• I wrote this blog.
  • I read part of a book, “One Plus One,” by Jojo Moyes.
  • I sat beside the pool or at Starbucks doing my reading and writing exercises, thinking about how hard it will be to go back to routine.

As I learned, writing and being disciplined during vacations is a bit hard, especially when I’ve been putting off the fun. This time, I embraced the exciting side of life, realizing I’m a big child who loves to play.

Running and Writing (and getting inspired)

In Running, Writing, Writing Advice, Writing Discipline on March 4, 2018 at 6:00 pm

Going for a run and sitting down for a writing session require the same grit.

The obvious reason is the discipline, showing up day after day to get fit and maybe lose weight or to sharpen skills.

Various writers approach that grit in different ways: by writing 1,000 words a day or for a certain length of time, going for writing sprints, setting writing goals and incrementally meeting them, and doing things like writing a short story a week or the rough draft of a novel in a month.

Writing the first few times may be crappy—for new writers, figuring out how to translate what’s learned about the elements of writing into structure or overwriting or underwriting a messy first draft. The first draft can be too much with too many details, repeated scenes, dialog that drags and too many characters not doing anything; or, it can be too little with scene jumps, jumps in logistics, a lack in transitions and underdeveloped plot, character, setting or dialog.

Running daily incrementally builds muscle, increases metabolism and improves lung capacity, while doing it here and there is nice, but won’t change the body in any noticeable way. I ran my way three sizes smaller and wrote my way into lots of copy, noticing how both become easier through time and practice.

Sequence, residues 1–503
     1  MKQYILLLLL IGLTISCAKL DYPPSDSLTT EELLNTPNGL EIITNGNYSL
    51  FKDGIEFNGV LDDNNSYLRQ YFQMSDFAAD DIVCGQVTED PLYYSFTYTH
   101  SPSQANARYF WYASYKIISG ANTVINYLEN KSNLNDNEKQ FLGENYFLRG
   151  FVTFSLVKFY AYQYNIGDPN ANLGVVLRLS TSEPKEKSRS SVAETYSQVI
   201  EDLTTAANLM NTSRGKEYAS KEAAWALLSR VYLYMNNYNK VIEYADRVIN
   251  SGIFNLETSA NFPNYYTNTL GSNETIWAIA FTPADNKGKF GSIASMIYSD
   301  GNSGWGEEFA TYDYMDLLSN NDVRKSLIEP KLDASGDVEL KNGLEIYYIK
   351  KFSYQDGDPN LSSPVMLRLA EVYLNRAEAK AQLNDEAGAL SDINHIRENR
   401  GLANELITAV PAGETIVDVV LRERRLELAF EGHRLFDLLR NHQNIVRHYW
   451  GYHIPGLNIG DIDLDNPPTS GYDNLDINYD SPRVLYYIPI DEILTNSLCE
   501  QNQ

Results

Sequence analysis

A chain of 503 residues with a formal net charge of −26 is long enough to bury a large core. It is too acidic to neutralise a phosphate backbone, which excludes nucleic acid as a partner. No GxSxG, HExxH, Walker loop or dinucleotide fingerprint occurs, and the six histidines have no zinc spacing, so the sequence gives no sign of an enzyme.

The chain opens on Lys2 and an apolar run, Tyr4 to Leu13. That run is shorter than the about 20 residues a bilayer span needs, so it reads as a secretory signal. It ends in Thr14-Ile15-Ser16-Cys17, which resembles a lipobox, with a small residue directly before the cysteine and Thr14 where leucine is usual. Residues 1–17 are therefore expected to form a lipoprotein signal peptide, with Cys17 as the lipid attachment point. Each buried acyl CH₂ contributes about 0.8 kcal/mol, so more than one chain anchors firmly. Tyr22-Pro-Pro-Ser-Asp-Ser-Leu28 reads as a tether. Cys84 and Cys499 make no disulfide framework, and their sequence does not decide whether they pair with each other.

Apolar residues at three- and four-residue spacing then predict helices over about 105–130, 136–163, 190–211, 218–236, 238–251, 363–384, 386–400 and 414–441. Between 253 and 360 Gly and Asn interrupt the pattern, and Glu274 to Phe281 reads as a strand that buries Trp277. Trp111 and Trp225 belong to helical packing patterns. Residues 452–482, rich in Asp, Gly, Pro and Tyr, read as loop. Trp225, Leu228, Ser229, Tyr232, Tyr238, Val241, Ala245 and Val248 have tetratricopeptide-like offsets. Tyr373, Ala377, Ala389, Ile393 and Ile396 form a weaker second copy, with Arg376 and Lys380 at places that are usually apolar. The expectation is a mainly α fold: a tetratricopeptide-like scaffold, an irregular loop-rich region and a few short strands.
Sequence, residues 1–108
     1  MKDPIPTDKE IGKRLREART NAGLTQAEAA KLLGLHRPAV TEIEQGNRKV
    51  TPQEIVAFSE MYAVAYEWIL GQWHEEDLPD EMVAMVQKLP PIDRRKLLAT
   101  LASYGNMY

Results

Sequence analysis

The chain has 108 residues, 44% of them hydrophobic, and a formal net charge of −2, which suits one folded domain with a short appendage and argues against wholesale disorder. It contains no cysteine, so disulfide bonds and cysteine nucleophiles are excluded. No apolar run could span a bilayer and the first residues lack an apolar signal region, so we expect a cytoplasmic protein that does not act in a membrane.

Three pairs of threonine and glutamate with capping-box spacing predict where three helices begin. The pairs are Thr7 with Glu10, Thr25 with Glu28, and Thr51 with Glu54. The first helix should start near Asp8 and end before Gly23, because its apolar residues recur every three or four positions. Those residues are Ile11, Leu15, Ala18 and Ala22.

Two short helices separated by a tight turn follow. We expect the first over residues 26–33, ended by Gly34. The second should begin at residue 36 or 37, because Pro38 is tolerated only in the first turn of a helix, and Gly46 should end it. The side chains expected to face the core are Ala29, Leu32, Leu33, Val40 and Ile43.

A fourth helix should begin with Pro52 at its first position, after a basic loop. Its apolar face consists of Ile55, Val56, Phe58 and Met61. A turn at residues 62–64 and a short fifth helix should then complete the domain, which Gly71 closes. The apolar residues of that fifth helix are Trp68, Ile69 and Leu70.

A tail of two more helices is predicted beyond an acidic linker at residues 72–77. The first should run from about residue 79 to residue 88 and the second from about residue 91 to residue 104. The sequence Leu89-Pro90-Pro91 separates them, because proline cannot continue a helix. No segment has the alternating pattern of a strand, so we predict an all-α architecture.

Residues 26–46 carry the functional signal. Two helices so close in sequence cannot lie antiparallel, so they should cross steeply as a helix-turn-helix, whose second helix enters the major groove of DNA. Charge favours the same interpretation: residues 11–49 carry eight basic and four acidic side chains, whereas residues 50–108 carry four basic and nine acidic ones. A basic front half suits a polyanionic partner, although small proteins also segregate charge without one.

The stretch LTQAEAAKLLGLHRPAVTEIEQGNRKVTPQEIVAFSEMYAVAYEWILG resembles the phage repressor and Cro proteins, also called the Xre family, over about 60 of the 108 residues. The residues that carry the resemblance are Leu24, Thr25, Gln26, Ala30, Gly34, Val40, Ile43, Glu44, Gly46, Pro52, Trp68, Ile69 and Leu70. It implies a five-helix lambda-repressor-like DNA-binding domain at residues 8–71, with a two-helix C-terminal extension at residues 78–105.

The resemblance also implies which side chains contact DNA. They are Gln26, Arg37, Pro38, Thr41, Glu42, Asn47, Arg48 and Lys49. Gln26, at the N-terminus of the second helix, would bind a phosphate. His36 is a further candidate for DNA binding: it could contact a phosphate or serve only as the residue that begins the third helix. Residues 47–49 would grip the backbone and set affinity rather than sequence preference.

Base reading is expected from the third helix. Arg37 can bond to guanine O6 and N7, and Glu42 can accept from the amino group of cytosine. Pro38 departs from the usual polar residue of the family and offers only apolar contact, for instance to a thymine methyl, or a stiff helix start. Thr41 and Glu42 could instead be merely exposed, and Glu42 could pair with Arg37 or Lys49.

The less obvious similarity between running and writing is that it can be a real pain to do both. I don’t always want to go for a run, particularly at the end of a long work day when I’m already tired. I feel like I don’t have any energy until I get into the third, fourth or fifth lap, and then muscle memory takes over. Oh yeah, this is how running works.

I don’t always want to write, particularly after coming off of a sprint, such as a National Novel Writing Month activity in April, July or November.

I have to force myself into the chair and say just write. It doesn’t matter the result, and then the looseness of freewriting without the annoying boundaries of the internal editor or the need to write something good fall away. Muscle memory takes over, and I count the laps and the words, getting somewhere just because I showed up.

It’s habit, discipline, practice and wanting to change shape—fit in body and fit in my writer’s hand—that gives me that running and writing grit.

Comparing Coffee and Writing

In Description, Writing, Writing Advice, Writing Discipline on February 18, 2018 at 8:00 am